Yousra Dib, who lives in the Al-Zeitun neighborhood in Gaza, made arrangements by telephone to have an ambulance from Gaza bring her grandson - 3-month-old Abed al-Rahman Dib, who had died the previous day of cancer that had spread throughout his body - home from the hospital. She found out that under the new security regulations, the Red Crescent ambulance from Gaza would not be allowed to enter the hospital grounds. When the vehicle arrived at the hospital gate, therefore, another ambulance, from the hospital, transported her grandson's body to it. According to Dib, the doctors had treated her grandson devotedly and also told the family to bring his 4-year-old sister Nura to the hospital for examination.

"They found a hole in the heart of my 2- year-old daughter Ranya, who suffers from Down syndrome," explains Iman Irba'I of the Sheikh Radwan neighborhood in Gaza. "She is the youngest of my eight children. My husband is unemployed. After great efforts, the Palestinian Authority agreed to pay for the surgery and for the girl's hospitalization in Israel. I'm worried, but I'm confident that the child is getting the best medical care."

Golan and her colleagues stress that since the day it began, the group's volunteer activity has been carried out with the agreement and full cooperation of Tel Hashomer's management and the various units. As an example of the facility's openness, Golan cited the case of Muhammad Kot, 9, from the environs of Nablus, who suffered from pernicious anemia and urgently needed a bone marrow transplant. While the Palestinian Authority paid for the costs of the hospitalization and care - about NIS 95,000 - the hospital underwrote the cost of the transplant itself - over $50,000. The transplant was successful and Kot will receive follow-up care at the hospital.

"Through the bone marrow transplant, the child received life," says Dr. Amos Toren, head of the pediatric hemato-oncology and bone marrow transplant unit at Tel Hashomer. "In recent years we have performed 5 bone marrow transplants on Palestinian children from the territories. The medical team relates in the most natural way to this medical activity, and the hospital management gives it full backing."

Touching encounters

In the pediatric intensive care department, the parents of the Palestinian children have at their disposal a waiting room, a kitchenette and two small bedrooms, one for men and one for women, where there are bunk beds. Last Wednesday a Jewish man wearing a skullcap and his wife sat down to rest in this waiting room. The man made efforts to engage the Palestinians who were also sitting there in a conversation.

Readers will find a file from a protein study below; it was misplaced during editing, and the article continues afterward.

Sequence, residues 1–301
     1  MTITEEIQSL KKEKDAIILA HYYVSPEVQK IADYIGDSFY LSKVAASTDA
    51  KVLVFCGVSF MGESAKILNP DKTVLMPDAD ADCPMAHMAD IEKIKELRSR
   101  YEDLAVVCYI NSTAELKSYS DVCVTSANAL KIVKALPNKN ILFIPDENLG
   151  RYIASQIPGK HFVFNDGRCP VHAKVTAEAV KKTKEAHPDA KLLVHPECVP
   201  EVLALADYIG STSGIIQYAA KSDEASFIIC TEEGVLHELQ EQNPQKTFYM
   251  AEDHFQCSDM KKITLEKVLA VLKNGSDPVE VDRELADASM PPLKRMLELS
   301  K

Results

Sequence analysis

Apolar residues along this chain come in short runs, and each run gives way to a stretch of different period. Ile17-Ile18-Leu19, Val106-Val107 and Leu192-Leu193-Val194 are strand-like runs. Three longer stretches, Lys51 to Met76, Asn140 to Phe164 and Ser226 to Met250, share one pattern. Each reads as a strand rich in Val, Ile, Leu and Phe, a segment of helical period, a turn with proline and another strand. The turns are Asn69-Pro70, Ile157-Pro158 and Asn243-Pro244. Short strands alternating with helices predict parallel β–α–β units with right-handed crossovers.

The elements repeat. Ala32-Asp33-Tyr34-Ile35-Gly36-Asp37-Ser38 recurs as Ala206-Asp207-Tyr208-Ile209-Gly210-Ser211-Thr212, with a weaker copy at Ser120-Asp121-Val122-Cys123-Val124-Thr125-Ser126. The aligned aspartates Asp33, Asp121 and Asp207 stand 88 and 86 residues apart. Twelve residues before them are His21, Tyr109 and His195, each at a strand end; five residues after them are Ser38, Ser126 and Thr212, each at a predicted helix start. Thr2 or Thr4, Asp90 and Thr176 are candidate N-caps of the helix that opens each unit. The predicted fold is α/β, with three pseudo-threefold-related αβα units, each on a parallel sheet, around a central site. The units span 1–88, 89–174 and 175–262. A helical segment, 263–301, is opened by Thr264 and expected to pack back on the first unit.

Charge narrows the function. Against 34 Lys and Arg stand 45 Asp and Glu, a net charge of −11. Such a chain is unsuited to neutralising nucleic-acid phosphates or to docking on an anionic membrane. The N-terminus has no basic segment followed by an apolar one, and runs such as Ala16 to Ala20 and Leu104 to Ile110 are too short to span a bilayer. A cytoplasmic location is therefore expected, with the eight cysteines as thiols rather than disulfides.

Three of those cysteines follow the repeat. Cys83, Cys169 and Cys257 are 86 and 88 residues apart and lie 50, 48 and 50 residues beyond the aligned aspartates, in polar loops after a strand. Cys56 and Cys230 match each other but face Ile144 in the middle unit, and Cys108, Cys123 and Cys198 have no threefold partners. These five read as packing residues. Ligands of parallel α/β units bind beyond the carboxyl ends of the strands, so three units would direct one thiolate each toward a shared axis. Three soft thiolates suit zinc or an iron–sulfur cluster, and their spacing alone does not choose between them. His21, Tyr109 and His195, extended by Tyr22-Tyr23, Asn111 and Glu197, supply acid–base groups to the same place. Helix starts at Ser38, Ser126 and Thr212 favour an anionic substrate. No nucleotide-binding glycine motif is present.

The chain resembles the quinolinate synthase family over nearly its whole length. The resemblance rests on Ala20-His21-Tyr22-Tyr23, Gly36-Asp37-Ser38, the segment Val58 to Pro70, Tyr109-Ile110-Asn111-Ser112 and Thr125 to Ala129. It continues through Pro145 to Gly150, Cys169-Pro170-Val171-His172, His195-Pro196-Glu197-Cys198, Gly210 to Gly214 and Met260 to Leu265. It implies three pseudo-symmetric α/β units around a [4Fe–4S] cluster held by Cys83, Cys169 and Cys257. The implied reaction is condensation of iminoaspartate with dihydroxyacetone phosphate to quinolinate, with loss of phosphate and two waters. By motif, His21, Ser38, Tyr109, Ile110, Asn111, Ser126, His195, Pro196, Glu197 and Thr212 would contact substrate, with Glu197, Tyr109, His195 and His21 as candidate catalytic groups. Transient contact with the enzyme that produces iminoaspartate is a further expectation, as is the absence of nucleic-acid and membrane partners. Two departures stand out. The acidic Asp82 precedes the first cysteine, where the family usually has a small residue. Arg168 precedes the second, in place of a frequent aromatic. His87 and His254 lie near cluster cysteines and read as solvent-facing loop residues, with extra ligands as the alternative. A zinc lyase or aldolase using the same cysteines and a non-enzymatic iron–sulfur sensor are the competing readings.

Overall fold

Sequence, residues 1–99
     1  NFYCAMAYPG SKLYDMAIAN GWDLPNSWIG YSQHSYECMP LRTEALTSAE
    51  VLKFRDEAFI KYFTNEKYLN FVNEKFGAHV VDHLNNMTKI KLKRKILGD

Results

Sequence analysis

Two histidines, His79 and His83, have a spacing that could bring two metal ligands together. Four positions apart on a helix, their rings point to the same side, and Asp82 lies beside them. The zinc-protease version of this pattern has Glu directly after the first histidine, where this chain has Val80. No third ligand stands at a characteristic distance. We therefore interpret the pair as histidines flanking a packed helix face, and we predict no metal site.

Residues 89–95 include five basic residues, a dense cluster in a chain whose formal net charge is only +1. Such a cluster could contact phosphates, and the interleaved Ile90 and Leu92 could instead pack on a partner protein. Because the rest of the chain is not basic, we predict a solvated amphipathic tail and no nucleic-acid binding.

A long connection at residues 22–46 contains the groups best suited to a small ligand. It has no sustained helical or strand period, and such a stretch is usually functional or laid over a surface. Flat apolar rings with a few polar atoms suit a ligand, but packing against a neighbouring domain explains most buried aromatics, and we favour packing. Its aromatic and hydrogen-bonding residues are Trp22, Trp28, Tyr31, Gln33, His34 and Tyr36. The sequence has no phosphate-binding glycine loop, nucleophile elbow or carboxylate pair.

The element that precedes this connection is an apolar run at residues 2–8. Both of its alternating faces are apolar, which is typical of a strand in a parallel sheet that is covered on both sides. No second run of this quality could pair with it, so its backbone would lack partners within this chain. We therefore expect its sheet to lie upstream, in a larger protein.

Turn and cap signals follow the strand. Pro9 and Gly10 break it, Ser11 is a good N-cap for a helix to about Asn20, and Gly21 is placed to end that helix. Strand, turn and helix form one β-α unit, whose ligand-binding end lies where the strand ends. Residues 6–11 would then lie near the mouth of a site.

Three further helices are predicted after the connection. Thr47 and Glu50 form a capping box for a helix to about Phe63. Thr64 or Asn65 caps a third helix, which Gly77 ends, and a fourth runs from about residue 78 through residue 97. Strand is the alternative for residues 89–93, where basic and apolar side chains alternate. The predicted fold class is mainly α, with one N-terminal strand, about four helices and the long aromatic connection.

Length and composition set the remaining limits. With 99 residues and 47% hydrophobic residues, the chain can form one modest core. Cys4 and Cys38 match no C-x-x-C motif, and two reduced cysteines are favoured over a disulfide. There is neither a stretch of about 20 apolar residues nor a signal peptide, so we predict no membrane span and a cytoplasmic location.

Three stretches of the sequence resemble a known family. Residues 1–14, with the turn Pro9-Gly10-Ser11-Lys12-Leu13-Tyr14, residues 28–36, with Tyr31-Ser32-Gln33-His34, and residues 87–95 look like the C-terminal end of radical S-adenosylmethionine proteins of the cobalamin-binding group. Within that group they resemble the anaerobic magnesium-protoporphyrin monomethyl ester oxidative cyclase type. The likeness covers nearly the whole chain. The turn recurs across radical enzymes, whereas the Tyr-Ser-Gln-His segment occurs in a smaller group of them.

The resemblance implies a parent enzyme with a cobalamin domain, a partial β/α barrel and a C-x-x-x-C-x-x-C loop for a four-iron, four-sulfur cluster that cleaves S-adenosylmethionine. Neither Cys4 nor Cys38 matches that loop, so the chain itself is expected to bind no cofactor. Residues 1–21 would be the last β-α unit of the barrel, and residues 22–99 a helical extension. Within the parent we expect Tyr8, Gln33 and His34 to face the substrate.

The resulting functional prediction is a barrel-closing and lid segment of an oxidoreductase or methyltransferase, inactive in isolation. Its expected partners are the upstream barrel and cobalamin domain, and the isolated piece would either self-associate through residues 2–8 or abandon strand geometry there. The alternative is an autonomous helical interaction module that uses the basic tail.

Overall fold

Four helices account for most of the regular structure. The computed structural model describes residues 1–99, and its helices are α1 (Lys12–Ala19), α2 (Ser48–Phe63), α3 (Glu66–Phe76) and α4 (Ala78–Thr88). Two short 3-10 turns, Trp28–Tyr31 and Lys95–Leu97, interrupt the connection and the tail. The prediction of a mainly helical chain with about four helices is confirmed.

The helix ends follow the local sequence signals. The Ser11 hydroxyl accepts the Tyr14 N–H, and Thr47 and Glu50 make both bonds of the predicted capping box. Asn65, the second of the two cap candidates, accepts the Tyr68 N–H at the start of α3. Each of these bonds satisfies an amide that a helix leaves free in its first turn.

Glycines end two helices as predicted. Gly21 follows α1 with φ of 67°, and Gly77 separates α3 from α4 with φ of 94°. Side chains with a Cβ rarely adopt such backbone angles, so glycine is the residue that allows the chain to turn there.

"Sometimes, we overcome the communications difficulties with the help of people who know both languages, Arabic and Hebrew, and sometimes we use English, and when there's no alternative, we use gestures like in a silent movie," explains one of the Palestinian mothers.

"The attitude and the atmosphere in the department are really contagious. Girls who are doing National Service help us willingly," relates volunteer Rina Moss. "The illnesses of their children bring Israeli parents close to the Palestinians. Thus, for example, not long ago a mother from central Israel was standing in despair near the door to the intensive care unit where her 10-year-old daughter was being treated for a brain hemorrhage. The father of a Palestinian child who noticed her distress brought her some hot tea that he made himself and started a conversation with her. The two of them sat there, relating their troubles to each other and comforting each other. It was a wonderful scene."

Moss also tells, however, of a certain group that distributes food only to the parents of sick Jewish and Israeli Arab children, but not to Palestinians from the territories. The Palestinians spare no praise and gratitude for the doctors, the nurses and the volunteers. They are wary when they speak about the difficulties at the roadblocks at the entrance to Israel and do not say anything specific about the conditions of their life in the territories. Indeed, to the direct question of whether they hate Israel and the Jews, a young Palestinian woman replies: "We hate, but not everybody, not the ones who treat us like human beings, for example, here at the hospital, but those who make us suffer."